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LL draft school budget is up 1.5%

Monday, March 18, 2013 - Updated: 3:51 PM


Express News Staff

LONG LAKE - The second draft of the Long Lake Central School District 2013/14 Budget is down about $36,000 from the first.

The second draft shows estimated expenditures of $3.96 million. This includes a planned balance of $285,000 (the same as the 2012/13 budget).

This leaves the budget up $60,754 (1.5 percent) from this school year's $3.90 million. The 2011/12 budget was $3,970,596.

Projected revenues are $1,213,131 (including the $285,000 in planned balance), leaving $2,747,774 to be raised through taxes. This would result in a tax rate of $4.09484 per $1,000 of assessed value, an increase of $0.3421 or $34.21 on a home assessed at $100,000.

As recently as 2006/07 the tax rate was $6.9555.

Under the draft budget the tax levy would go up by $229,560, or 9.12 percent. Under the state formula the school district's cap on a tax levy increase this year is 3.3114 percent.

Anything above that requires approval by a super majority of voters - 60 percent or more - to pass. If voters do not approve the budget (two votes are allowed), the Board of Education must adopt a budget with no increase in the tax levy.


When the Board of Education met Thursday, March 14, Fulton-Essex-Hamilton BOCES Superintendent Stephen Shafer gave a presentation on the Hamilton County and local school district demographic profile trends produced by Cornell University.

The study assumes the declines in population and student enrollment of the past 10 years will continue at the same pace into the future.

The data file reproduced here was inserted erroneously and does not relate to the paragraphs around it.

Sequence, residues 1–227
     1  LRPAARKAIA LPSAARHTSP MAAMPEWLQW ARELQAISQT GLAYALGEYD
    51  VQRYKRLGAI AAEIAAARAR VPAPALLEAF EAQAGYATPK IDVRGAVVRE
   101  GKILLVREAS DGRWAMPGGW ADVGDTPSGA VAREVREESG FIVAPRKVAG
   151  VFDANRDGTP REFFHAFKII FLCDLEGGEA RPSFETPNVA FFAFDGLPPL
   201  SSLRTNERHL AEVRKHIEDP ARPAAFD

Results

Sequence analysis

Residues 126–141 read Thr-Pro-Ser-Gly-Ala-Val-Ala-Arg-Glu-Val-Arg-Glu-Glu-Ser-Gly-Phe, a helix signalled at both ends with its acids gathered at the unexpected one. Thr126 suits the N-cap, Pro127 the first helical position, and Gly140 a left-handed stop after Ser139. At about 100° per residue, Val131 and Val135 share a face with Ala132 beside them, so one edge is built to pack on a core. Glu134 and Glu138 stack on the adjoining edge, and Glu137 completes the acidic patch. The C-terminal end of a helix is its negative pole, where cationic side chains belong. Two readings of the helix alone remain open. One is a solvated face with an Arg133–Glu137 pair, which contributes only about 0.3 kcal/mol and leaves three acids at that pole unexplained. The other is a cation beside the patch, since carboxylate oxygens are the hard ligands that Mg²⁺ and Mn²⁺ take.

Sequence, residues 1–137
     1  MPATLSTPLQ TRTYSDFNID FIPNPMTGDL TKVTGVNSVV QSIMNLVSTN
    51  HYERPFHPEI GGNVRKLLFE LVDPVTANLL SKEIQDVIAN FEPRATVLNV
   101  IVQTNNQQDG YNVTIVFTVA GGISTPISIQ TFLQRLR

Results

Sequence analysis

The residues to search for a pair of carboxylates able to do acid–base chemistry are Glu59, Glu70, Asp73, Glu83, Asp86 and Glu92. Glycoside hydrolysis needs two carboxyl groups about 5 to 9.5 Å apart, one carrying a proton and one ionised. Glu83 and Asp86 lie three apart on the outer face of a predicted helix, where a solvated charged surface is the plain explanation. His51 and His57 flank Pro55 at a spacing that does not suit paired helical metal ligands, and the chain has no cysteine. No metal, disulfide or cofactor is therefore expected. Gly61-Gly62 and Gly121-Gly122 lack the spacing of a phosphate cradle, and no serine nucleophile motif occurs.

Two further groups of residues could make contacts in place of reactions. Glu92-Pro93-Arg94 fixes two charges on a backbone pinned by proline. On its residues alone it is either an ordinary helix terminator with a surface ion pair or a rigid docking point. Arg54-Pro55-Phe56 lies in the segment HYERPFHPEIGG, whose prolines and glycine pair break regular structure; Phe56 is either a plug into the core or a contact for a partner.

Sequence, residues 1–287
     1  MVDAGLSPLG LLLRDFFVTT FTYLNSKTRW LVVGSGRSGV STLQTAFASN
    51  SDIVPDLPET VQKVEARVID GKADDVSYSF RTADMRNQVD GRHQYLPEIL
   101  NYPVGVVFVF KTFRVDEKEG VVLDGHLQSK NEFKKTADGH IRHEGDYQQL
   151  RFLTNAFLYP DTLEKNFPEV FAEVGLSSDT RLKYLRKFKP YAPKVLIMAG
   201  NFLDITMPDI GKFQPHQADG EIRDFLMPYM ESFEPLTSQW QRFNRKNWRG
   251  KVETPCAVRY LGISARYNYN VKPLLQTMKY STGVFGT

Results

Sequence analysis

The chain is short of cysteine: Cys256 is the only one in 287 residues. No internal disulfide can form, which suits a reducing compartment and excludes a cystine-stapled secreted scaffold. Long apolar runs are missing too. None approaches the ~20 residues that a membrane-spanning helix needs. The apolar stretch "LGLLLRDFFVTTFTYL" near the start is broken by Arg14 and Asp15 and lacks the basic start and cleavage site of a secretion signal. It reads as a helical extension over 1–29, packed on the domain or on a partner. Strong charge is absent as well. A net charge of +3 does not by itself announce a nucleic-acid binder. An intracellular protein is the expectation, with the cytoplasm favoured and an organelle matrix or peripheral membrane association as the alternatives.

At that rate, BOE Member Michael Nerney joked, in the next century both the county and the school would have populations of less than zero. Shafer appreciated the joke but said the study is useful to begin planning for the future.

"I'm not here to recommend anything. I'm just mentioning your options," Shafer said.

Options include paying tuition to send some or all grades to another school district, Shafer said, such as Tupper Lake, Indian Lake or Newcomb.

Shafer did not go into the details of how expensive tuitioning students to another district might be, because there are complicated formulas to determine how much a hosting district may charge.

To see the Cornell study go to Under Data click on New York Counties or School Districts and follow the instructions.


-- Virginia Jennings was approved as a substitute pending fingerprint clearance.

-- An overnight field trip to Washington, D.C. was approved for grades seven and eight.

-- Current "snow" days will be May 24, May 28 (instead of April 8) and June 21.

The BOE will next meet Tuesday, April 16, starting at 7 p.m. in the school cafeteria.


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